The government is planning to intervene in some mosques to support Muslims who want to marginalise extremists.
Communities Secretary Ruth Kelly will announce a new role for the Charity Commission, strengthening its task of overseeing religious institutions.
A £600,000 faith unit within the commission will help Muslims strengthen governance and leadership in mosques.
Ministers are also changing how prosecutors target extremists, with new specialist counter-terrorism teams.
The plans are part of the government's broader counter-terrorism strategy.
In February, ministers announced support for pilot projects to root out
Islamist extremists grooming young men in British cities.
Ruth Kelly: Meeting more Muslim groups
In a speech on Thursday, Ruth Kelly is expected to say: "I do not under-estimate the difficulties we face or the scale of this challenge. But I know from my conversations with Muslim communities up and down the country that the desire and commitment to tackle extremism is there.
"Success will hinge on forging a new alliance against violent extremism. We need to reach out and give greater support to the overwhelming majority who are disgusted by terrorist attacks carried out in the name of Islam."
Ms Kelly's department has changed government strategy by launching talks with a broader range of Muslim groups.
But at the same time, the largest body, the Muslim Council of Britain, has fallen out of favour, leading to claims that ministers are talking only to those prepared to agree with government.
In a related move, the Attorney General Lord Goldsmith said specialist prosecutors are beginning to work with police officers to improve how they target extremist preachers.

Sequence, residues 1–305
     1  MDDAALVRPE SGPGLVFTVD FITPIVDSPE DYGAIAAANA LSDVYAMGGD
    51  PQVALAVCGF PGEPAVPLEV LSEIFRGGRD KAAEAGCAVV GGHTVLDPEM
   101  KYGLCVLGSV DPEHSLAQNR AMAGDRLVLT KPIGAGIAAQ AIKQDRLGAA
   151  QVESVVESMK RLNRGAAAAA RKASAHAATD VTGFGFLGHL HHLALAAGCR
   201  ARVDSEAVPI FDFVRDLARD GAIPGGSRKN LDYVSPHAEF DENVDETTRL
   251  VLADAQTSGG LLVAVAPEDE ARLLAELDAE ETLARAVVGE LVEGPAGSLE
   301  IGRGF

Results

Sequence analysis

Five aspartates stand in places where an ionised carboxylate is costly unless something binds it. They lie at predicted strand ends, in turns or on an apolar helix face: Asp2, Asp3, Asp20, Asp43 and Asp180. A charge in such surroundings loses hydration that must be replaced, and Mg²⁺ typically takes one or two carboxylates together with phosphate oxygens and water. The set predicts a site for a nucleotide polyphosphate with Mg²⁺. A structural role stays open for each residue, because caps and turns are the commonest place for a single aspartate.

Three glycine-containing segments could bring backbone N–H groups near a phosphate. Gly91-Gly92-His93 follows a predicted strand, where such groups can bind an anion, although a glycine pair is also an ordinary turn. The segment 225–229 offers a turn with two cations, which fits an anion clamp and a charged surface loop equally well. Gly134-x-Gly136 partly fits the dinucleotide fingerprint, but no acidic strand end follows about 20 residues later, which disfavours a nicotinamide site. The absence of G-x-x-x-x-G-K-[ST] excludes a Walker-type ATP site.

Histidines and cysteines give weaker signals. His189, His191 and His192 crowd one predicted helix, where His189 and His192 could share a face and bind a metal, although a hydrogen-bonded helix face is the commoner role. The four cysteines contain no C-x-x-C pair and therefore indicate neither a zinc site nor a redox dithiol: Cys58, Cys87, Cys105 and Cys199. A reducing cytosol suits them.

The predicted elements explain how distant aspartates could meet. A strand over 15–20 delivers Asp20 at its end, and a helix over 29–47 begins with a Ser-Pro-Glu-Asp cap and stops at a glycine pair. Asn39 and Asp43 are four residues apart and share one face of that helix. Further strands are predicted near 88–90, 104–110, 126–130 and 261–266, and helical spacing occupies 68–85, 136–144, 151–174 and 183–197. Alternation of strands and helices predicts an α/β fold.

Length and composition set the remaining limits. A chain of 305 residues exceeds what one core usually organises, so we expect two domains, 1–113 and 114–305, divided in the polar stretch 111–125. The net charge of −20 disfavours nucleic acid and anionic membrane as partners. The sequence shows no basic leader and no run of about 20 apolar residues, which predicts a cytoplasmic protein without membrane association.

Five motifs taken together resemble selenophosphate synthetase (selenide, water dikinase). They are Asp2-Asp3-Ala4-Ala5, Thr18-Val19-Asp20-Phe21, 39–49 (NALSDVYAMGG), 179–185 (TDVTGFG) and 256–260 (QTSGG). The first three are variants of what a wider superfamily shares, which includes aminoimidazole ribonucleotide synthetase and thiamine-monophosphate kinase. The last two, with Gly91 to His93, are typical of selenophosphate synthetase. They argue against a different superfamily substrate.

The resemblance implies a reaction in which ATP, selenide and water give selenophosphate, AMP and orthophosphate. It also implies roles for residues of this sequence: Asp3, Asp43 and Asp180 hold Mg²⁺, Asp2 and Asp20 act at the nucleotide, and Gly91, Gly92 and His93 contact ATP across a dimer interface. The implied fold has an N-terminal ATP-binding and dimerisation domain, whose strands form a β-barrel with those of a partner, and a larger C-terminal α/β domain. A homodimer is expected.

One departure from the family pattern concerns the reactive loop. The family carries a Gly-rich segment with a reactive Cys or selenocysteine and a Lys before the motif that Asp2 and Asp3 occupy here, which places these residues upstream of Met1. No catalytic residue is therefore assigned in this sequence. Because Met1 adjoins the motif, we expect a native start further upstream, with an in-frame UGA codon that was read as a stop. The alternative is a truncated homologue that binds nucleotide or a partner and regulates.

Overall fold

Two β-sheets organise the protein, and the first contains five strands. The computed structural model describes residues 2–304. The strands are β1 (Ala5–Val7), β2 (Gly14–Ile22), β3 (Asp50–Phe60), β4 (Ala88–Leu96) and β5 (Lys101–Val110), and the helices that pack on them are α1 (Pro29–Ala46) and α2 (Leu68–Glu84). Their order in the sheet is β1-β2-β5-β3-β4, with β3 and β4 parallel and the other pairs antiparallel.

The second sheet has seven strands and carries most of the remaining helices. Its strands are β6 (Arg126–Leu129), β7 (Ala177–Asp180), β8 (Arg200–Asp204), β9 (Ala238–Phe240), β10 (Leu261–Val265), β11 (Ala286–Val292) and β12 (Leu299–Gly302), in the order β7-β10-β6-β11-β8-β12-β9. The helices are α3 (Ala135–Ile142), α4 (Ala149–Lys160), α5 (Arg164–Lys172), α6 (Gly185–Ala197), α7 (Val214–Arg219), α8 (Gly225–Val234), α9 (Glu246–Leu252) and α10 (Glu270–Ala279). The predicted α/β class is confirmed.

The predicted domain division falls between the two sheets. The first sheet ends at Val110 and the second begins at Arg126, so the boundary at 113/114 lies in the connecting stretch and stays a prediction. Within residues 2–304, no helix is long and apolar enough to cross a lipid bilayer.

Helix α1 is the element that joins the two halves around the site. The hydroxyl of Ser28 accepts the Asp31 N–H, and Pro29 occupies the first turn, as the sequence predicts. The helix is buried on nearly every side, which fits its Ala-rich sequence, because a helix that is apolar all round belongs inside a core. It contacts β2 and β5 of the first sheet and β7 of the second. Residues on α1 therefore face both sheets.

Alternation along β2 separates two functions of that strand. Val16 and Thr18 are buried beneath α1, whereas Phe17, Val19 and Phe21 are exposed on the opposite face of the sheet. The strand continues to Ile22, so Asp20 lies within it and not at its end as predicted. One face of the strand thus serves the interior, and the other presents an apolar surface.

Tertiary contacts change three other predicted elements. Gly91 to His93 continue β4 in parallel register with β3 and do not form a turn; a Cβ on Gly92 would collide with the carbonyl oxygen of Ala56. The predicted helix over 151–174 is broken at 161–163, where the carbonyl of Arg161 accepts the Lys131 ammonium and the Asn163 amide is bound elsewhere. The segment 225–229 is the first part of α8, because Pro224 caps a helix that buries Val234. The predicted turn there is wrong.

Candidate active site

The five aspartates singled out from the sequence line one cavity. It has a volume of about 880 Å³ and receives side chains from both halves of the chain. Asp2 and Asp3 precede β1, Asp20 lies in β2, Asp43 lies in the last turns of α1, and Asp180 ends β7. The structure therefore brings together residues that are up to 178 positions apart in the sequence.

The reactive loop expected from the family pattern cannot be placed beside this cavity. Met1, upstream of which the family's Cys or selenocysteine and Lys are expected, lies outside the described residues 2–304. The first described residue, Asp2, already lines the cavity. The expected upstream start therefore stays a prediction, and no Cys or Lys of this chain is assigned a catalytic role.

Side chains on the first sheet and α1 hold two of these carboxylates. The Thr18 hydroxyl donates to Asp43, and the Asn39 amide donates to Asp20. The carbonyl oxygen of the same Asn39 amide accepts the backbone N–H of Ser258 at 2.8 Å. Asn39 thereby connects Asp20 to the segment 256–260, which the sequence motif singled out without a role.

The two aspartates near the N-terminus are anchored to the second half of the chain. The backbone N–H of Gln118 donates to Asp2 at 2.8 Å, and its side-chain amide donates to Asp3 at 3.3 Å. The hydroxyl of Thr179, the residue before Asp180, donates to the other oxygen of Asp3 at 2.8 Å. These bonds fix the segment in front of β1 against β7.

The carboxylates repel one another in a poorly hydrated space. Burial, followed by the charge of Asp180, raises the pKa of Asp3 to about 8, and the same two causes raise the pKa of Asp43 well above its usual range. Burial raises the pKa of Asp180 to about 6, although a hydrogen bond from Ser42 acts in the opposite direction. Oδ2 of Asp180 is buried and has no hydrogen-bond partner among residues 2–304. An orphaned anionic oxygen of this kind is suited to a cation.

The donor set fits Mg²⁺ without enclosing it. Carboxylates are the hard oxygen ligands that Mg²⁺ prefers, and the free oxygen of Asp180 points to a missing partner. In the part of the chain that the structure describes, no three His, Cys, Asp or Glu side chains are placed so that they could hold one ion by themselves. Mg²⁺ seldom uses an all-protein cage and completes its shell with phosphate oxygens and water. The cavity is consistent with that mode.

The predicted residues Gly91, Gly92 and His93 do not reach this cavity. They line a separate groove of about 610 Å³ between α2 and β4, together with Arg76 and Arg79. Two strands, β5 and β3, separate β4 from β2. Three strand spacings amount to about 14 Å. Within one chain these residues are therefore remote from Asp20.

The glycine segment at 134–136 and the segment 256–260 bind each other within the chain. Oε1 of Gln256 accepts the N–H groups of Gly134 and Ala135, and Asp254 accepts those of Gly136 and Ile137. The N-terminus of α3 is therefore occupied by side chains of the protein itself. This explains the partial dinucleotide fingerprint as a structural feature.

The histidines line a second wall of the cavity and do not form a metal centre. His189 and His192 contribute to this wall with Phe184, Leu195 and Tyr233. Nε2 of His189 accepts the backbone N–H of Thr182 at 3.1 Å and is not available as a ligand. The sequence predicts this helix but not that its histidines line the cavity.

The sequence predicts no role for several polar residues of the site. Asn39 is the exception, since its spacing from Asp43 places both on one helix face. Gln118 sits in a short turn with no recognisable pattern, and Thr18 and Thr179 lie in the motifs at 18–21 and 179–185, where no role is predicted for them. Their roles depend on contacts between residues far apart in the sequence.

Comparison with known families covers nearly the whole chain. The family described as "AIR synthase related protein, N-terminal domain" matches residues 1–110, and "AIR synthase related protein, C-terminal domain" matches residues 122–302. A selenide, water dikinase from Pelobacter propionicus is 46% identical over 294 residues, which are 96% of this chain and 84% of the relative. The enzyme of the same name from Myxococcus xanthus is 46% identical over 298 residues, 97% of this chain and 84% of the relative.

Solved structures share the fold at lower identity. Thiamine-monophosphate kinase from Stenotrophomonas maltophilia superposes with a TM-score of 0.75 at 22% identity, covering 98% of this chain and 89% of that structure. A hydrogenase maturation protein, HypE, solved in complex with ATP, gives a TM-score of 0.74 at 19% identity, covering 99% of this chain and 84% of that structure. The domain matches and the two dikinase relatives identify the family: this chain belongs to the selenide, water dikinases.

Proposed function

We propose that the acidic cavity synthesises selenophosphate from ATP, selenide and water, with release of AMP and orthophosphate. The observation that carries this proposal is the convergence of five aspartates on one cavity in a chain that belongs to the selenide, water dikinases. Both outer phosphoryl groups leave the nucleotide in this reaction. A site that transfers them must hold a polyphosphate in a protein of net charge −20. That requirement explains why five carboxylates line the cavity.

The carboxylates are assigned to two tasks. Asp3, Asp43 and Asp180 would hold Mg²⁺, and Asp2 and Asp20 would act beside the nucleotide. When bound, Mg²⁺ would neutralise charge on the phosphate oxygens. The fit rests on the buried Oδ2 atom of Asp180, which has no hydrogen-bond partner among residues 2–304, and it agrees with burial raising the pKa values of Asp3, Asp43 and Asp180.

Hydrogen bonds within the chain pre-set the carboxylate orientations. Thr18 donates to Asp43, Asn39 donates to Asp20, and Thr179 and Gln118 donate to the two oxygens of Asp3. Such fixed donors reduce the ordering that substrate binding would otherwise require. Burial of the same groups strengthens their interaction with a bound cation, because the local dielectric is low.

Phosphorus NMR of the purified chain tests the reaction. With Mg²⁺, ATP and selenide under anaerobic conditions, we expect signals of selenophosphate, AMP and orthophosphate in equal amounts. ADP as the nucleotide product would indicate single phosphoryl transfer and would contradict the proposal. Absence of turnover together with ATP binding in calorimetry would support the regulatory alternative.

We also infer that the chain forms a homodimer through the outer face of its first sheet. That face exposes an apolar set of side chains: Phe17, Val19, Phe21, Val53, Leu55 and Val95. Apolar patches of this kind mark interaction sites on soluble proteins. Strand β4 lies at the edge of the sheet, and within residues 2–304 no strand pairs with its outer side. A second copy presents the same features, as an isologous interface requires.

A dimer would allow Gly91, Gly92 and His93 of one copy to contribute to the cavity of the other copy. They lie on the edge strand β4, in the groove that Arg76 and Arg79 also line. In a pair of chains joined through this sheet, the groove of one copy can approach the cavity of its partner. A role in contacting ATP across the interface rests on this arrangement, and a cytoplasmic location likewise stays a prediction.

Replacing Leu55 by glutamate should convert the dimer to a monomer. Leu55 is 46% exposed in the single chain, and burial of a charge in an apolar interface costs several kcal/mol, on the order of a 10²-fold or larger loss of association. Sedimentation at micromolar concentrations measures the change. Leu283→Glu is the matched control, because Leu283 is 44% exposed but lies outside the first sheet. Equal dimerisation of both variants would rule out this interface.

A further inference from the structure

"For some time I have been concerned that we have not taken sufficiently effective action against a very small minority of extremists among our communities who incite others to terrorism," said Lord Goldsmith.
"By bringing together the law enforcement agencies and the prosecutors we now have a commitment to tackle these cases in an effective, focused and well co-ordinated way and the structures to enable that to happen."
The strategy is part of the government's attempts to develop a plan to prevent extremism, a key plank of counter-terrorism policy.
New research commissioned by the government links radicalisation of young Muslims with a failure of traditional mosque leadership.
The study, written by a Muslim academic, is understood to pinpoint a conveyor belt towards extremism which starts with identity crises during teenager years. These problems are then easily compounded by discrimination, lack of opportunity and the poor quality of religious leadership in some traditional mosques.
The BBC understands the research warns the government that extremist groups successfully recruit by exploiting a combination of alienation and religious illiteracy among youths.
But at the same time, the report predicts that a positive British-Islam voice can emerge to defeat extremists, if there is investment in religious leadership.